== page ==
A new organization launches and finds excited and willing customers.
These are the early adopters. The nerds. The people who knew they had a problem. These are the easy sales, the folks who will wait in line.
And then the curse can set in.
You will certainly exhaust this group. Too many competitors are seeking them, and you’re running out of places to look.
At this point, you can make the choice to move to a new town or a new submarket and begin again, finding more geeks who can’t wait for what you’ve got.
And if you can keep it up, you can do great as the ‘new one’.
But for many, this is how you die in the chasm.
Sooner or later, you’re going to run out of the early adopters. Probably sooner. Suddenly, your cost per customer goes way up. Suddenly, you’ve shifted from keeping up with demand to running on fumes.
That’s because you ran around too much. You spread the core market too thin and never did the hard work of figuring out how to change the culture, which was your goal all along.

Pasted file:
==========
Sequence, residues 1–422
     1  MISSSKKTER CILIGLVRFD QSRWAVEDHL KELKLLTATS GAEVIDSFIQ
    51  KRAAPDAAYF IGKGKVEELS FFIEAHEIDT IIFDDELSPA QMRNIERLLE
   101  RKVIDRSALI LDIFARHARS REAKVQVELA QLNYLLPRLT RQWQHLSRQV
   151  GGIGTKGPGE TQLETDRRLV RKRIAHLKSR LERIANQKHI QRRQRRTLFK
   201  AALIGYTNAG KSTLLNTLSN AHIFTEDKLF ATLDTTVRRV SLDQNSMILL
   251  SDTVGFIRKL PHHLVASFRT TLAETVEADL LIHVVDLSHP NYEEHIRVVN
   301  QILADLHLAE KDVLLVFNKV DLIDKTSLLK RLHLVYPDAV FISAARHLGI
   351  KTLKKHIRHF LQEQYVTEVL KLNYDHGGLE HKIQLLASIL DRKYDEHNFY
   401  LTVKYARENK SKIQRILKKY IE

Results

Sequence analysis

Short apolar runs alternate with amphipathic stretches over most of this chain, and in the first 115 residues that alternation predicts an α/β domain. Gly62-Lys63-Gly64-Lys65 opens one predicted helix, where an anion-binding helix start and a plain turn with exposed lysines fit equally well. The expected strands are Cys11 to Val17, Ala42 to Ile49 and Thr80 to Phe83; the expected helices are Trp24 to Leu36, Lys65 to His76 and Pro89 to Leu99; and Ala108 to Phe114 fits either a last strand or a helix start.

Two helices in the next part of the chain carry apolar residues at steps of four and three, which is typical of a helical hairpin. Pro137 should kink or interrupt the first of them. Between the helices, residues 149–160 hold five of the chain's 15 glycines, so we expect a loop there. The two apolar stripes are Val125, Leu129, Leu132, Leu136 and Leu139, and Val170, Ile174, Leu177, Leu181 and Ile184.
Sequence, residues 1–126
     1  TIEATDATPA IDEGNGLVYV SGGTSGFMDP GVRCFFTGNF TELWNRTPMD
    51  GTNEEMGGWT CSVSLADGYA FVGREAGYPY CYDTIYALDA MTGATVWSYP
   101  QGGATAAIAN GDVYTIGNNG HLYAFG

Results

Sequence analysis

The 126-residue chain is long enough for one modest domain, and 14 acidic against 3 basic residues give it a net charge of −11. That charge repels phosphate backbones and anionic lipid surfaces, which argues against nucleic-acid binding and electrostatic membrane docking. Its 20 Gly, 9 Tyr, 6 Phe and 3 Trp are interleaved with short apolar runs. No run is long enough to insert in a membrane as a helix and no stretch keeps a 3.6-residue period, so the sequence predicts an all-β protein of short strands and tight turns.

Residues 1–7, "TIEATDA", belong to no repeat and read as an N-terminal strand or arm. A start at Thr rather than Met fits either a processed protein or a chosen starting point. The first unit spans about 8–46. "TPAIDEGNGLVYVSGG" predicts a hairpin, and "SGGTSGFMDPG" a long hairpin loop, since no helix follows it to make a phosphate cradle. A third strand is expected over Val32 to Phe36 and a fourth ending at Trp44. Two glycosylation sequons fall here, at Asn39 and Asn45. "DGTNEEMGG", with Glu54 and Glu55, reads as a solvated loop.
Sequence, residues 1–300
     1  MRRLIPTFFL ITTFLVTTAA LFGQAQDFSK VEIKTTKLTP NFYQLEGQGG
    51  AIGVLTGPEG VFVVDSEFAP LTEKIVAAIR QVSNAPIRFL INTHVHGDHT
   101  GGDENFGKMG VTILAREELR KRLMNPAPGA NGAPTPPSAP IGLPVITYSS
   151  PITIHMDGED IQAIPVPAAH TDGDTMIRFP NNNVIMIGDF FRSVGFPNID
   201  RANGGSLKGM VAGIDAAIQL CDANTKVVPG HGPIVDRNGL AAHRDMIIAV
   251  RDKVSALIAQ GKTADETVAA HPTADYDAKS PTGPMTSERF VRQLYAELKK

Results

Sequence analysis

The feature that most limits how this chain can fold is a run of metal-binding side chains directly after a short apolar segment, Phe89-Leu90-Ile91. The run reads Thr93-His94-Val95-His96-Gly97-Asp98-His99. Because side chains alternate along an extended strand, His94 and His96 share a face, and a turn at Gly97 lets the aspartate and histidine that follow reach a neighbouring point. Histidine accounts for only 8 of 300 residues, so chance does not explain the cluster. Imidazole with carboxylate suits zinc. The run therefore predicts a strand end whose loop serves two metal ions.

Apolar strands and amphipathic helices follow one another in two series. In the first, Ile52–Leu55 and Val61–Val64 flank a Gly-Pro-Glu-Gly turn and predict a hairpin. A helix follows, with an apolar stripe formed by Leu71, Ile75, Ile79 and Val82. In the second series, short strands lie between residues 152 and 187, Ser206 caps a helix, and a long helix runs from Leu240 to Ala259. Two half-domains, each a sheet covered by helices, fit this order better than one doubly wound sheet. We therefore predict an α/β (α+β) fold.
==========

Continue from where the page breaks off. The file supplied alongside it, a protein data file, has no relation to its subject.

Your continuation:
I’ve seen this firsthand with social entrepreneurs. They bring an innovation to a village, sell it (a clean bathroom or a solar lantern or a new, better sort of seed) and then, when the easy sales are done, move on to the next village, figuring that it’ll all work out.
There are two alternatives:
- acknowledge that you are in the business of serving the early adopters. Make something for them and then, when it fades, make something else for them.
- acknowledge that you are trying to reach for more, to transform the market.
If that’s the case, don’t leave the first village. Stick around and stick around and stick around. Create enough energy and value that your core customers can’t help but spread the word. Not only spread the word, but insist that their peers come along.
The best way to move beyond the low-hanging fruit is to discipline yourself to not run to the next tree. Get a ladder instead.
For more than thirty years, I’ve been trying to turn on lights, inspire people and teach them how to level up. This blog has been appearing daily for more than a decade. One day, if we meet, I hope you’ll share with me your favorite posts. Even better, I’d like to hear about how a book or course helped you interact with the world differently and make a difference.